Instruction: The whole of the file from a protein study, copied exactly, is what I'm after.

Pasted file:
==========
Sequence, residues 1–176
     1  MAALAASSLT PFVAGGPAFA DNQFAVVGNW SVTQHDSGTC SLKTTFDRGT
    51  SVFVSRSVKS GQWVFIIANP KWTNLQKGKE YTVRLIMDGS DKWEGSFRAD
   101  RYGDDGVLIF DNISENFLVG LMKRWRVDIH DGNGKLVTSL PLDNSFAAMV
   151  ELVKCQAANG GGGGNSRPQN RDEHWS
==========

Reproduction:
Sequence, residues 1–176
     1  MAALAASSLT PFVAGGPAFA DNQFAVVGNW SVTQHDSGTC SLKTTFDRGT
    51  SVFVSRSVKS GQWVFIIANP KWTNLQKGKE YTVRLIMDGS DKWEGSFRAD
   101  RYGDDGVLIF DNISENFLVG LMKRWRVDIH DGNGKLVTSL PLDNSFAAMV
   151  ELVKCQAANG GGGGNSRPQN RDEHWS